The U.N. Security Council has condemned North Korea's rocket launch, calling it a clear violation of U.N. resolutions that ban Pyongyang from carrying out missile or nuclear-related tests.
The council held emergency talks Wednesday on the launch. Beforehand, Britain's U.N. ambassador Mark Lyall Grant called it a "provocation."
In Washington, White House spokesman Jay Carney said North Korea would face "consequences" for firing the rocket. He called the move "regrettable" and said it violated U.N. resolutions.
Related - US Condemns N. Korean Rocket Launch
Key dates in North Korea's nuclear and missile program:
August 1998: Test fires Taepodong-1, its first long-range rocket, over Japan as part of failed "satellite launch."
September 1999: Pledges to freeze long-range missile tests amid improving ties with U.S.
March, 2005: Ends moratorium on missile tests, blames "hostile" policy of U.S.
July 5, 2006: Test fires seven ballistic missiles, including long-range Taepodong-2, which fails less than a minute after launch.
July 15, 2006: U.N. Security Council adopts Resolution 1695, demanding Pyongyang halt missile program.
October 9, 2006: Conducts first underground nuclear test
October 15, 2006: U.N. Security Council adopts Resolution 1718 demanding halt to missile and nuclear tests, banning sale of weapons
April 5, 2009: Launches long-range rocket that lands in Pacific. Claims success, but U.S. says no satellite placed in orbit.
April 13, 2009: U.N. Security Council condemns launch, tightens sanctions. Pyongyang quits six-party nuclear talks.
May 2009: Conducts second underground nuclear test.
June 2009: Security Council passes Resolution 1874, imposing tougher sanctions.
February 2012: Announces moratorium on nuclear and long-range missile programs in exchange for U.S. food aid.
April 2012: Launches long-range rocket, which falls apart shortly after lift-off. Acknowledges failure.
North Korea announced Wednesday it launched a long-range rocket which it says put a weather satellite into orbit.
Such a feat, if confirmed, would represent a major step forward in the country's quest to develop an intercontinental ballistic missile capable of carrying a nuclear warhead.
North Korean state media called the launch a "groundbreaking" mission that met the "last instructions" of Pyongyang's late leader, Kim Jong Il.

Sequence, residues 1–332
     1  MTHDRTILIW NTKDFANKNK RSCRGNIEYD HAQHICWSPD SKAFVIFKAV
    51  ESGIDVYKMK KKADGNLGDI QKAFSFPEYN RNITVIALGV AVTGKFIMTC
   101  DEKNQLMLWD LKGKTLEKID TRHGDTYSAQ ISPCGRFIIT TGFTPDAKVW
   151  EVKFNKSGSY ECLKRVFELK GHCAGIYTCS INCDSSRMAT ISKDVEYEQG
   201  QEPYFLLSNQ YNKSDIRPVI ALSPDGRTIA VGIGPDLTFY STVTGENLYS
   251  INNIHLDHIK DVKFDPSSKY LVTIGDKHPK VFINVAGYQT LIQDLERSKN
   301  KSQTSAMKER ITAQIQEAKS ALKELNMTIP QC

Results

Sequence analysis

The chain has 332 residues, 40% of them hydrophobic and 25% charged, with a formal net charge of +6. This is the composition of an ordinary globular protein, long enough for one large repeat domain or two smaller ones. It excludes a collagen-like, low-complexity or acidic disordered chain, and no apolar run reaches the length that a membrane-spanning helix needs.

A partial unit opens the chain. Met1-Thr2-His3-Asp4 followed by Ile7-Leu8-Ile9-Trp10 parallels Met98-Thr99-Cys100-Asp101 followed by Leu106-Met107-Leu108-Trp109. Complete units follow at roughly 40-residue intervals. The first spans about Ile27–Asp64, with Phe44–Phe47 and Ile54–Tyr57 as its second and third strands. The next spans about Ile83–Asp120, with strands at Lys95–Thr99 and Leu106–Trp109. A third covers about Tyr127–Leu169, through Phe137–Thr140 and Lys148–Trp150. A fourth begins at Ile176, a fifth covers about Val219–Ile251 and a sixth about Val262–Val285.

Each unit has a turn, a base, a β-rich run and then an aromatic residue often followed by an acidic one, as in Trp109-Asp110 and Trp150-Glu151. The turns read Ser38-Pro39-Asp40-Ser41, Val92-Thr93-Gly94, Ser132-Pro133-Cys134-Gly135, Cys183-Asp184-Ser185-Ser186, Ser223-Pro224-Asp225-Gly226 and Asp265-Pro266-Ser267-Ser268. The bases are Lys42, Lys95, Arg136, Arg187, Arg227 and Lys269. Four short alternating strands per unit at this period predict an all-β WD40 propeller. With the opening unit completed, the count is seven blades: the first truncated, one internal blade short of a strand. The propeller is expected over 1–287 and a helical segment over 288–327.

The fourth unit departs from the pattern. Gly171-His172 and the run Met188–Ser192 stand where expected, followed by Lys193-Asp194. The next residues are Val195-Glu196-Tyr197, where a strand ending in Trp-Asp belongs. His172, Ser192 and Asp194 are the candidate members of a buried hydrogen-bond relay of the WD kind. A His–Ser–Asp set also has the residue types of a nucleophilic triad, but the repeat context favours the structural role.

"The second version of satellite Kwangmyongsong-3 successfully lifted off from the Sohae Space Center in Cholsan County, North Pyongan Province by carrier rocket Unha-3 on December 12. The satellite entered its present orbit," read the statement.
The U.S. military [The North American Aerospace Defense Command, or NORAD] said Wednesday that North Korea had "deployed an object that appeared to achieve orbit." Other analysts made the same assessment.
A successful launch of a satellite into orbit would boost the domestic credentials of Kim Jong Il's son and successor, Kim Jong Un.
The United States, Japan and South Korea are among the many countries that have condemned the launch. Russia and China - which, like the U.S., are permanent members of the U.N. Security Council - have criticized the move.
China is North Korea's main ally and biggest trading partner.
The timing of the launch surprised many observers and Western diplomats, given that reports on Tuesday suggested North Korea was disassembling the rocket because of technical difficulties.
David Fouse, an analyst with the Hawaii-based Asia-Pacific Center for Strategic Studies said the notoriously reclusive leadership in Pyongyang may have intentionally misled the international community.
"I'm not sure whether there was an intelligence failure or if the North Koreans were just kind of playing games with the international community," he said. "They might have wanted to catch people off-guard and I think they did surprise a lot of people with the timing of this launch."
North Korea said on Monday a "technical deficiency in the first-stage control engine module of the rocket" could delay the launch by a week.
In April, North Korea's three-stage, liquid-fueled Unha-3 rocket exploded just minutes after liftoff. Previous attempts to fire long-range rockets in 2006 and 2009 also ended in failure, even though North Korean officials insisted that they succeeded.
The U.N. Security Council condemned the failed April launch and ordered foreign assets seized from several North Korean companies linked to financing and procuring weapons and missile technology.
Weeks after that launch, the United States responded by canceling a deal that would have provided the impoverished North with 240,000 metric tons of food.